MORE THAN 5 MILLION AMERICANS ARE LIVING WITH ALZHEIMER'S. BY 2050, THIS NUMBER IS PROJECTED TO RISE TO NEARLY 14 MILLION.
ALZHEIMER'S DISEASE IS THE 6TH LEADING CAUSE OF DEATH IN THE UNITED STATES.
1 IN 3 SENIORS DIES WITH ALZHEIMER'S OR ANOTHER DEMENTIA. IT KILLS MORE THAN BREAST CANCER AND PROSTATE CANCER COMBINED.
IN 2020, ALZHEIMER'S AND OTHER DEMENTIAS WILL COST THE NATION $305 BILLION. BY 2050, THESE COSTS COULD RISE AS HIGH AS $1.1 TRILLION.
MORE THAN 16 MILLION AMERICANS PROVIDE UNPAID CARE FOR PEOPLE WITH ALZHEIMER'S OR OTHER DEMENTIAS.
THESE CAREGIVERS PROVIDED AN ESTIMATED 18.6 BILLION HOURS OF CARE VALUED AT NEARLY $244 BILLION.
82% OF PRIMARY CARE PHYSICIANS SAY THEY ARE ON THE FRONT LINES OF PROVIDING DEMENTIA CARE.
50% OF PRIMARY CARE PHYSICIANS BELIEVE THAT THE MEDICAL PROFESSION IS NOT READY FOR THE GROWING NUMBER OF PEOPLE WITH ALZHEIMER'S OR OTHER DEMENTIAS.
BETWEEN 2000 AND 2018, DEATHS FROM HEART DISEASE HAVE DECREASED 7.8% WHILE DEATHS FROM ALZHEIMER'S HAVE INCREASED 146%.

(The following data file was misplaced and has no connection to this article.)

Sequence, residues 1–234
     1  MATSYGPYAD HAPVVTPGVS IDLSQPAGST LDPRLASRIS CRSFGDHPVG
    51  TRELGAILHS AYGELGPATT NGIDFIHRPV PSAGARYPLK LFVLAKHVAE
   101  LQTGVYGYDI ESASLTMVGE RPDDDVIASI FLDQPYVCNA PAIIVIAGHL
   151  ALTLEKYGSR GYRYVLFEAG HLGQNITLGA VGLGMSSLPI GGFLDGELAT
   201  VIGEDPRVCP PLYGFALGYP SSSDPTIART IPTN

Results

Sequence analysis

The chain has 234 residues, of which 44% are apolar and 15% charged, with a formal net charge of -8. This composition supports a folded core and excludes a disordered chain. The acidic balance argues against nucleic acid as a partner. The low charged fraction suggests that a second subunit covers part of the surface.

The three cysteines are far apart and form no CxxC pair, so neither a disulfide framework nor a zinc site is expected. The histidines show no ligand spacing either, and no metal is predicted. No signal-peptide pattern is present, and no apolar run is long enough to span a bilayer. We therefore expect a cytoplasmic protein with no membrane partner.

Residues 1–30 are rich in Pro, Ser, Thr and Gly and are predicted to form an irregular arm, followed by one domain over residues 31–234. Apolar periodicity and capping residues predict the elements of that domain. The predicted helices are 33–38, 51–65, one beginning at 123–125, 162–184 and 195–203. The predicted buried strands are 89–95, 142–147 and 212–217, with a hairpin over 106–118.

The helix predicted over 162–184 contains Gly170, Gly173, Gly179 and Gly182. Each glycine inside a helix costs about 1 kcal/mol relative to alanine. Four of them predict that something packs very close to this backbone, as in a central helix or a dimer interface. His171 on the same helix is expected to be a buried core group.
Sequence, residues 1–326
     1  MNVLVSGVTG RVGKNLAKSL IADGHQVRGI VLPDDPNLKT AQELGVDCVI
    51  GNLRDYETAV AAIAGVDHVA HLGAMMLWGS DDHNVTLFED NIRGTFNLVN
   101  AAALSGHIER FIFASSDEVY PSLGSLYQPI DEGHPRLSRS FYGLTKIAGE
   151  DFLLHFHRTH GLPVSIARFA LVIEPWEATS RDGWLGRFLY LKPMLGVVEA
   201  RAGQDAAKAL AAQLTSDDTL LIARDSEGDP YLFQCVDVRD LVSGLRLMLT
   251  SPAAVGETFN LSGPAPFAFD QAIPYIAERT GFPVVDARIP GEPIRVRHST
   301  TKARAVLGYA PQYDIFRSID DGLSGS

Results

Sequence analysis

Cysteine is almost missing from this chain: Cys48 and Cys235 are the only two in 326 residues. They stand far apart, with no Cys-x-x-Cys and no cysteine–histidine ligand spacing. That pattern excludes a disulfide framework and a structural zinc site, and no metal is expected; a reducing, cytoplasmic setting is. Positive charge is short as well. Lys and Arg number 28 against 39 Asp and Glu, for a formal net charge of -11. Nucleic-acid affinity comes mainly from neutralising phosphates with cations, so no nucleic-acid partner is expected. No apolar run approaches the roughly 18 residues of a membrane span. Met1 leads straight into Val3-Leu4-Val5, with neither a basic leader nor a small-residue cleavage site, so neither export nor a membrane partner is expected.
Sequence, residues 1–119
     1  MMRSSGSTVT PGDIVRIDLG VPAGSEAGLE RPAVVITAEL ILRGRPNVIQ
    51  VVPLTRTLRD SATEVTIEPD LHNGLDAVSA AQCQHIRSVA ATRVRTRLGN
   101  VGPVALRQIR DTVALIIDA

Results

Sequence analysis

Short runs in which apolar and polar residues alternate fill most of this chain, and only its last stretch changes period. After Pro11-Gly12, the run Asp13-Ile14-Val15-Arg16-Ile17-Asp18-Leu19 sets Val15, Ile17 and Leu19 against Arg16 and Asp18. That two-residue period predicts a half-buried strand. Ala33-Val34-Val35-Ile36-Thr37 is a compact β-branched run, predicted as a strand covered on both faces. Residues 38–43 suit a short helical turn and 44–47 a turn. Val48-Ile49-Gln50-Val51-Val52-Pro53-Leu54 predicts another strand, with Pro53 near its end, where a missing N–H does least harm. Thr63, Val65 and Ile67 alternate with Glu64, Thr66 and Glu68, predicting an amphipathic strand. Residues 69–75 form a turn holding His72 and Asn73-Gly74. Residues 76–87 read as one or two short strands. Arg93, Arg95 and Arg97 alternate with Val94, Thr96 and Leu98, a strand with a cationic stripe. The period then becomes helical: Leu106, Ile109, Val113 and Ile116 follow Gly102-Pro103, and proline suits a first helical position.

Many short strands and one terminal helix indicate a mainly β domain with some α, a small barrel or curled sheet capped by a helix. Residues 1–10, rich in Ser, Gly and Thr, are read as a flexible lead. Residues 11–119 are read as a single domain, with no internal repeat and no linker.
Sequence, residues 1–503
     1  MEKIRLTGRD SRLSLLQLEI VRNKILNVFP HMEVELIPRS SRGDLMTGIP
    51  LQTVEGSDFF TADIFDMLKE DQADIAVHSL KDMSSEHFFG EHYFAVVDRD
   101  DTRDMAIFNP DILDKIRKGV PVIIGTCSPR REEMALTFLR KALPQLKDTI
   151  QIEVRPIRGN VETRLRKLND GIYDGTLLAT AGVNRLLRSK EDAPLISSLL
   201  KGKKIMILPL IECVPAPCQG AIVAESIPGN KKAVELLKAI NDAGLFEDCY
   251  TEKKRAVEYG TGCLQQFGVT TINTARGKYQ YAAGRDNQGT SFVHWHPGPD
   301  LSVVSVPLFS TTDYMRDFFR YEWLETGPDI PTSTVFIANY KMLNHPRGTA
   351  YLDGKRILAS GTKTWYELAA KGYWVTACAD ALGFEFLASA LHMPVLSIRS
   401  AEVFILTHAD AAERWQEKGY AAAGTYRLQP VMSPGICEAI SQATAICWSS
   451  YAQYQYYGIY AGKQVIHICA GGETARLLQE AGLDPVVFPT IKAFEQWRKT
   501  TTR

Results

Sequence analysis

The number of Americans living with Alzheimer's is growing — and growing fast. More than 5 million Americans of all ages have Alzheimer's.
An estimated 5.8 million Americans age 65 and older are living with Alzheimer's dementia in 2020. Eighty percent are age 75 or older.
- One in 10 people age 65 and older (10%) has Alzheimer's dementia.
- Almost two-thirds of Americans with Alzheimer's are women.
- Older African-Americans are about twice as likely to have Alzheimer's or other dementias as older whites.
- Hispanics are about one and one-half times as likely to have Alzheimer's or other dementias as older whites.
As the number of older Americans grows rapidly, so too will the number of new and existing cases of Alzheimer's. By 2050, the number of people age 65 and older with Alzheimer’s dementia may grow to a projected 13.8 million, barring the development of medical breakthroughs to prevent, slow or cure Alzheimer’s disease.
Alzheimer’s is not just memory loss. Alzheimer’s kills.
- Alzheimer's disease is the sixth-leading cause of death in the United States.
- Alzheimer’s is the fifth-leading cause of death among those age 65 and older and is also is a leading cause of disability and poor health.
- Although deaths from other major causes have decreased significantly, official records indicate that deaths from Alzheimer's disease have increased significantly. Between 2000 and 2018, the number of deaths from Alzheimer's disease as recorded on death certificates has more than doubled, increasing 146%, while the number of deaths from the number one cause of death (heart disease) decreased 7.8%.